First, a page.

My favorite Noël Coward play is Private Lives (1930). Private Lives is a comedy of manners about Amanda Prynne and Elyot Chase, a divorced couple married to new people and struggling with infidelity. Well, the kind of infidelity that occurs when you find yourself on your honeymoon with your new spouse in a suite next door to your old spouse who is with HIS new spouse and then you realize you really still want your old spouse so you ditch the new spouses and pull a spouseappearing act. The characters are British hot messes who suffer through their collective crises impeccably dressed and with perfect comic timing.  Amanda Prynne knows there will be fallout when she re-elopes with her first hushand on her second honeymoon, but she’s going for it. Shonda Rhimes chronicles the same philosophy (non-fiction version with 100% fewer extra spouses) in Year of Yes. You don’t get an option to stop the clock, so you might as well get off the couch, fling on a classy outfit and enjoy the ride. OOOOH and speak in a British accent while you are at it.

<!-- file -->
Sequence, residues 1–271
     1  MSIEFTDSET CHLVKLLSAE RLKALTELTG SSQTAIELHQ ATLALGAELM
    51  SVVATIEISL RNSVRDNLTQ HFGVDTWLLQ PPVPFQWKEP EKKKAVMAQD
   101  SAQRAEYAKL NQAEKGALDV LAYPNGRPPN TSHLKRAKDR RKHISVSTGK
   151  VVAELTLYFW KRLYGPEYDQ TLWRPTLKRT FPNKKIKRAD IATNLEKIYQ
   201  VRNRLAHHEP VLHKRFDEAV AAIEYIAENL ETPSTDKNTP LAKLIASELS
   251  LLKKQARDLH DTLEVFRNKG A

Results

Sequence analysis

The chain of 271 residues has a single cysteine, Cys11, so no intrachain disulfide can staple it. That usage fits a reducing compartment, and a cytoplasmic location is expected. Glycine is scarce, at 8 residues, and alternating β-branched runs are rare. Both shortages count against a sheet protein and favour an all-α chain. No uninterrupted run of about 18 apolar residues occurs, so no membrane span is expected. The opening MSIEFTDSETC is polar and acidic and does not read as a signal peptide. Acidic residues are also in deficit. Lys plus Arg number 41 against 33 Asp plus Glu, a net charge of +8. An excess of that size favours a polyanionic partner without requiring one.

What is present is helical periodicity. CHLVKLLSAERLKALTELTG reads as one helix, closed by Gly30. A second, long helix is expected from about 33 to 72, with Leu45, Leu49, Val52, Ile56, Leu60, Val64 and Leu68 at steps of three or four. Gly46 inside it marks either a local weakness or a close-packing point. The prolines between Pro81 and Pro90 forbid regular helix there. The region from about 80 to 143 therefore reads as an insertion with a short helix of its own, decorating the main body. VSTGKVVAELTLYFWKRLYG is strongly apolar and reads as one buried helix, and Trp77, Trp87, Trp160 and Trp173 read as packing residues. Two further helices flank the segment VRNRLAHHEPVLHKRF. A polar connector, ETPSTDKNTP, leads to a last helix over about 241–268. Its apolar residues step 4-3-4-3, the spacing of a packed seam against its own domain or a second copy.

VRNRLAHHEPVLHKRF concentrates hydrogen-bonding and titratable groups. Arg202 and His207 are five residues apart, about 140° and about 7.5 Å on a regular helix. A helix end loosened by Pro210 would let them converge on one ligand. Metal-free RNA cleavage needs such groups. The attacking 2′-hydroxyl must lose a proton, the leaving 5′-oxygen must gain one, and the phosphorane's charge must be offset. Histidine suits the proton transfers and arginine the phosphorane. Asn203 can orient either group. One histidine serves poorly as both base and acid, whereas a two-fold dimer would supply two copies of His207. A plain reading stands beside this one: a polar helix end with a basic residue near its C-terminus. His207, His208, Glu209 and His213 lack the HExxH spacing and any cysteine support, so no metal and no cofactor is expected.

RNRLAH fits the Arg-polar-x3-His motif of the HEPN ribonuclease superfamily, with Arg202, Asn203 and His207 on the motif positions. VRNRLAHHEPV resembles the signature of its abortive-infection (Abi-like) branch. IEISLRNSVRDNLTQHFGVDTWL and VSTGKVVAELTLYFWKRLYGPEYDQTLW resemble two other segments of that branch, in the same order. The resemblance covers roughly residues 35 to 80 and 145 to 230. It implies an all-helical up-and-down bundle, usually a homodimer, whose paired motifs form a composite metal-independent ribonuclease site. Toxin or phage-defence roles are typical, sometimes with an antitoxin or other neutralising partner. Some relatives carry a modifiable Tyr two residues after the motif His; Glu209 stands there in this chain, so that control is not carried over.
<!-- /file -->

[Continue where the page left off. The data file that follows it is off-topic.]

England: NO
Me: just a little one?
England: accent appropriation not approved
Me: English alliteration is excellent

I’m not making a list of resolutions, but I am resolute. I’ll try new stuff and try to be better at my old stuff, and when I need a good shove I’ll look to my Dream Role Model Team. I’ll read Noel Coward’s letters detailing how he worked as a British intelligence agent during WWII. (Yeah—in addition to all the other stuff, he took up intelligence work. WELL-ROUNDED). When I’m working up my nerve to do something that’s a little scary, I’ll conjure my best Shonda Rhimes-making-a-speech attitude, and suddenly I’ll start tossing my hair and screaming ‘BRING IT ON’. It’s not that I want to be my role models–I just need to borrow their brilliance every once in while. I promise to return it in original pristine condition.

Action Items
Here is a round-up of all things Noël Coward, including a link to a performance of Private Lives
Here is a round-up of all the ways you can read Year of Yes